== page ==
- This is the first time we see a decline in the number of funded projects in the Less than $10,000 raised tier. The other tier that sees a decline is the $50k to $100k tier. So, notable changes in 2017 seemed to occur within more the very small, hobbyist projects, as well as the projects raising between $50,000 and $100,000. For all the other tiers, there were a similar number of funded projects across 2016 and 2017.
My theory for the decline of the smallest tier is that fewer creators are trying to crowdfund their projects, and it directly affects that range more than the others. Kickstarter doesn’t have the visibility it had in the media, and it doesn’t come up as often as it used to as a viable platform for small projects.
2017 was mostly a better year for video games projects launched in USD and CAD. A higher proportion of projects in those currencies got funded than those in EUR and GBP.
I found it interesting to see that 12 video games projects launched from Mexico got funded, even if that represents a small total amount in the end. Also notable is the absence of projects launched through the Japanese version of the portal, especially considering how some of the biggest crowdfunded video games of all time originate from there. Kickstarter’s September 2017 launch in Japan looks like a flop so far, and the video game category seems to be the best illustration of that.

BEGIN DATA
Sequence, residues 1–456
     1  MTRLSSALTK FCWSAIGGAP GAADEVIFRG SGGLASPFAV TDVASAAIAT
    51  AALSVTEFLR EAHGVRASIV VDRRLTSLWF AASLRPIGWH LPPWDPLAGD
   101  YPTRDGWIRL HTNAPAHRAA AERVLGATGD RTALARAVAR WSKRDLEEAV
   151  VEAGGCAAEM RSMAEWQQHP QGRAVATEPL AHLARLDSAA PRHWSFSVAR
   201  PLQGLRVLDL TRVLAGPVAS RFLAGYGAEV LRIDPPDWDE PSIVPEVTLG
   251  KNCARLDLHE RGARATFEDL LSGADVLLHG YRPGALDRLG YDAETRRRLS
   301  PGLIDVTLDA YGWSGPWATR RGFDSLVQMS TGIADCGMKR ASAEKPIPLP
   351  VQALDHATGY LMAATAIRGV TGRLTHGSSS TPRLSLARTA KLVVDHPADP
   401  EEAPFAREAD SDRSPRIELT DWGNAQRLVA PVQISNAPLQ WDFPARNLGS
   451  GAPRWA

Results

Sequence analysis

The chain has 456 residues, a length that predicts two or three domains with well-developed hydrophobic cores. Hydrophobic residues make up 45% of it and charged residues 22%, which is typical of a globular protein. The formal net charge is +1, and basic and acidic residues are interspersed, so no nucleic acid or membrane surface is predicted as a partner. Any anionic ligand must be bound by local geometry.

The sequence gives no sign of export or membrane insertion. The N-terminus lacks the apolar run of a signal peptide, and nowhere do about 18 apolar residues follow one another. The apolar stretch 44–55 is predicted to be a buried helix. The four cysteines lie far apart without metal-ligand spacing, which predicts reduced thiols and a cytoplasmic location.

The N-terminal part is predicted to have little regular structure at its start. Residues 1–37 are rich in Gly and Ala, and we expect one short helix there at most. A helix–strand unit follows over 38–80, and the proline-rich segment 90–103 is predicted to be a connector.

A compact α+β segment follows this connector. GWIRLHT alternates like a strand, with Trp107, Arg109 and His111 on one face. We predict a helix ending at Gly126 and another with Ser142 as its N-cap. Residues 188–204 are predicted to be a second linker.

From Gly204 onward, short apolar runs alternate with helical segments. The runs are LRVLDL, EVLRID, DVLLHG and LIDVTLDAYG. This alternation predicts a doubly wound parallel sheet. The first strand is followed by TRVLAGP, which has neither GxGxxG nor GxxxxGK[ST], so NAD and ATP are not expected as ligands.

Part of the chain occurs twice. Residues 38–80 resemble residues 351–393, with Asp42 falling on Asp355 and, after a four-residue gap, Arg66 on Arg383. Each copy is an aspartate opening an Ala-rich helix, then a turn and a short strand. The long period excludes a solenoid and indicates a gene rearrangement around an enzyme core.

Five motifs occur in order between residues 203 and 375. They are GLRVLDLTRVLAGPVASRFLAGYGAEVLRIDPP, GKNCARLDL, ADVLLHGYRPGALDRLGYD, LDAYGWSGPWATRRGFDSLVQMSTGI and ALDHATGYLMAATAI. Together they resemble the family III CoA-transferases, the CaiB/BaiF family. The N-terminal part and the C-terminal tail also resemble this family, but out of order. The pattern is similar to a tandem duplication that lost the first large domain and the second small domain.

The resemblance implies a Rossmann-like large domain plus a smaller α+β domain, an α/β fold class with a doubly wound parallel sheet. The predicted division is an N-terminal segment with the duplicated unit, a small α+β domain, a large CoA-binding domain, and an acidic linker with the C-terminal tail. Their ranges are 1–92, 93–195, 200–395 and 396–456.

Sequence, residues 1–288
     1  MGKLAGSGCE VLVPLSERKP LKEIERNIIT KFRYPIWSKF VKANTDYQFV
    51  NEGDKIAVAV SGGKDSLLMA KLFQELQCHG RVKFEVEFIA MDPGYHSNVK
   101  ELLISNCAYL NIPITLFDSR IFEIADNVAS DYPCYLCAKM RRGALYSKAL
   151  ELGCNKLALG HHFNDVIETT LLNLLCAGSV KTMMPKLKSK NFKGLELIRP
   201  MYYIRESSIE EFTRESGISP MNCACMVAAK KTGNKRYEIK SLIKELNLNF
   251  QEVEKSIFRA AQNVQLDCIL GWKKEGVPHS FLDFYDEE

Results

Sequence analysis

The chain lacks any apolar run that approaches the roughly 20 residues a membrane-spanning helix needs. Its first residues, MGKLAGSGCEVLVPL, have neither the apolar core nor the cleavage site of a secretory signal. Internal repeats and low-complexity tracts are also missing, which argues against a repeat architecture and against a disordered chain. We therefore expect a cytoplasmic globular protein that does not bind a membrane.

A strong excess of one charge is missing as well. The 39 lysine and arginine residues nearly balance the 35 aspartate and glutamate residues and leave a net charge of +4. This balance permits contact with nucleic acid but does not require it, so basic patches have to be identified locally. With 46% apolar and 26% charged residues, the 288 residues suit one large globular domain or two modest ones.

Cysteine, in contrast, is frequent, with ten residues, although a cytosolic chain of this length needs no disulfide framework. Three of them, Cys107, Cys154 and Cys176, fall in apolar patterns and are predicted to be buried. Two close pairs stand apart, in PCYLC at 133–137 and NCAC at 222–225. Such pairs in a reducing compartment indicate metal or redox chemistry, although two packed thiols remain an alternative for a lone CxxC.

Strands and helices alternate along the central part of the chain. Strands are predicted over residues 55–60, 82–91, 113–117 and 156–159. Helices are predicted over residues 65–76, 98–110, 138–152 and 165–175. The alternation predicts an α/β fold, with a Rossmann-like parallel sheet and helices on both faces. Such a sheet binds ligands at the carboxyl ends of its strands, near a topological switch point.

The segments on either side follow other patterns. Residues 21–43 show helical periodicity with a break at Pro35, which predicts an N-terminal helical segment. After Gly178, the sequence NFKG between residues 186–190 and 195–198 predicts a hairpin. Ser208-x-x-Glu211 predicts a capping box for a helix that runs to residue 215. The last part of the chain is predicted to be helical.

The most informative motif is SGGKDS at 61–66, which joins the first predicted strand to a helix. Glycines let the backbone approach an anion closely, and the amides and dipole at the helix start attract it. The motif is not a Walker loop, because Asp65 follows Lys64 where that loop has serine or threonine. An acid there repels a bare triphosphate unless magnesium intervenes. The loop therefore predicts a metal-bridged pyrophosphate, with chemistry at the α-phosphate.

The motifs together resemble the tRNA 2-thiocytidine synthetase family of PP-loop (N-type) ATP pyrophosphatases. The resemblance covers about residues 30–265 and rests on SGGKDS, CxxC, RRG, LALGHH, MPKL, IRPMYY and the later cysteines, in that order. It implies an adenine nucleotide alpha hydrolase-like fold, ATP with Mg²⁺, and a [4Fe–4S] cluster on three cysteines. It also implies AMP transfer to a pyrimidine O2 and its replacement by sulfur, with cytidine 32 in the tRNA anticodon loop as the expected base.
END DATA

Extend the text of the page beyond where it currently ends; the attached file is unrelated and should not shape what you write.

Tabletop Games: The Kings of Kickstarter
These two graphs tells the most significant story of 2017’s figures.
Tabletop Games have constantly grown over the past few years, both in terms of the total amount of money raised, and the number of projects funded. After a record year in 2016, the subcategory grew again, by +36% in 2017. The number of funded projects grew by +20%.